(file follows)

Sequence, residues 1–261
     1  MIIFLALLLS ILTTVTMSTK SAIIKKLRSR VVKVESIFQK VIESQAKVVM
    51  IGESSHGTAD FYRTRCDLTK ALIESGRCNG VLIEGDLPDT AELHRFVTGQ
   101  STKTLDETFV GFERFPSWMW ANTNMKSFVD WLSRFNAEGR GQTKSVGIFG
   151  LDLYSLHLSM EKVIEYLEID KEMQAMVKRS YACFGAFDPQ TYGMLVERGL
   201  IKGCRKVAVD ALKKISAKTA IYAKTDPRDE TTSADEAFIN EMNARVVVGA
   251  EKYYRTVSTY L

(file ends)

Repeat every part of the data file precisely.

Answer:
Sequence, residues 1–261
     1  MIIFLALLLS ILTTVTMSTK SAIIKKLRSR VVKVESIFQK VIESQAKVVM
    51  IGESSHGTAD FYRTRCDLTK ALIESGRCNG VLIEGDLPDT AELHRFVTGQ
   101  STKTLDETFV GFERFPSWMW ANTNMKSFVD WLSRFNAEGR GQTKSVGIFG
   151  LDLYSLHLSM EKVIEYLEID KEMQAMVKRS YACFGAFDPQ TYGMLVERGL
   201  IKGCRKVAVD ALKKISAKTA IYAKTDPRDE TTSADEAFIN EMNARVVVGA
   251  EKYYRTVSTY L